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Behavioural finance: Money illusion

Money illusion describes the tendency of people to think about money in nominal rather than in real or inflation-adjusted terms. In other words, it’s when people focus on the absolute amount of money rather than what that money can buy. The concept of money illusion was first discussed by Irving Fisher and later popularised by…

Company directors can be held legally liable for ignoring the risks from climate change

Company directors who don’t properly consider climate related risks could be liable for breaching their duty of due care and diligence, a new legal opinion has found. Although the alarm for business leaders has been sounding for some time, the release of the opinion by senior barristers and leading solicitors confirms the potential liability for…

Cracking the happiness code

Imagine holding in your hand a winning lottery ticket of $1 million. This is the ticket that will empower you to live out your dreams. You will be able to buy and do whatever you please. Life will be happy forever after. Or not? The quest for happiness reminds me of that song, “Somewhere Over…

The peaks and pitfalls of retail pop-ups

Pop-up stores are the new kid on the block as mobile short-term retail outlets have only been around in the US and UK since the 1990s. Yet pop-ups draw on long retail traditions of “here today, gone tomorrow” – think of circuses and fairs of old. Just as the fair came to town in the…

Are we building a nation of PhD baristas?

By Usman W. Chohan, UNSW Australia There is a looming fear among young people in the Australian labour market that they will not find jobs commensurate with their educational levels because they are “overqualified”. The economics suggests these apprehensions are well-founded, with 26% of young graduates in Australia being “underutilised” in 2013. Policymakers cannot take…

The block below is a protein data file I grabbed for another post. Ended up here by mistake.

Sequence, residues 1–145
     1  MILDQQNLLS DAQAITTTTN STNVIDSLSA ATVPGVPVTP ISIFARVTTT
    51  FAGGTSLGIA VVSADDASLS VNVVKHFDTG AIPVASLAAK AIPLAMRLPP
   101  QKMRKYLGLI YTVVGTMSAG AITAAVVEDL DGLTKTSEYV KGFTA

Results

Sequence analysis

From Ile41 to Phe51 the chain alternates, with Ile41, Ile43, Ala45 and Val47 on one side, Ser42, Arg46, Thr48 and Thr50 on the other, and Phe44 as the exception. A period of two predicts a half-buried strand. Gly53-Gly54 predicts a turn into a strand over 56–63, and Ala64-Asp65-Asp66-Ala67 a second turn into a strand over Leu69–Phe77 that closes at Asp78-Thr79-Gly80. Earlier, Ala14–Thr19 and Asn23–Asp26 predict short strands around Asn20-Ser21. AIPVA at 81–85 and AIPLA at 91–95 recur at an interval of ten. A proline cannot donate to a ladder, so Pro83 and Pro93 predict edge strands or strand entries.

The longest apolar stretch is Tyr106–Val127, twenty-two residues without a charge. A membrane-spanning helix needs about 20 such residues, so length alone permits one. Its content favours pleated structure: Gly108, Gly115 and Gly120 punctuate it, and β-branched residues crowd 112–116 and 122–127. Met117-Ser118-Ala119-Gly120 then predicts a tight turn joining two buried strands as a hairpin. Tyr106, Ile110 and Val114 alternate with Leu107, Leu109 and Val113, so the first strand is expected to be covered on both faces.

Are we building a nation of PhD baristas?

By Usman W. Chohan, UNSW Australia There is a looming fear among young people in the Australian labour market that they will not find jobs commensurate with their educational levels because they are “overqualified”. The economics suggests these apprehensions are well-founded, with 26% of young graduates in Australia being “underutilised” in 2013. Policymakers cannot take…

The problems with relying on the bank of mum and dad

Mamiza Haq, The University of Queensland Ask a parent how far they would go to support the financial aspirations of their children, and chances are they will say: “Yes, if I had the money I would be happy to act as a guarantor for my children to purchase a property.” Australian capital city house prices…

Bond yields and what they tell us about the economy

Sarantis Tsiaplias, University of Melbourne When the Australian Office of Financial Management borrowed A$4.25 billion for 20 years at an interest rate of just 2.865% this week, economic commentator Peter Martin called it “the deal of the century”. Governments issue bonds to raise funds to pay for general expenses and projects such as the stgelopment…

Who owns the zebra?

In the early 1960s in the US, everyone was trying to find out who owned the zebra. Without much luck. A logic puzzle that only a small percentage of the population are able to solve, we have reproduced a version of the infamous “Who owns the zebra?” problem here. Note that there’s more than one…

Invest in your masterpiece – yourself

New Philosopher magazine Love yourself. Believe in yourself. And your dreams will come true. A few decades ago, psychologists began documenting the appearance of a new personality that was showing up for therapy. Well-groomed, personable, typically successful, this social character didn’t suffer the bread and butter phobias of the past, the obsessions or hand-washing compulsions;…

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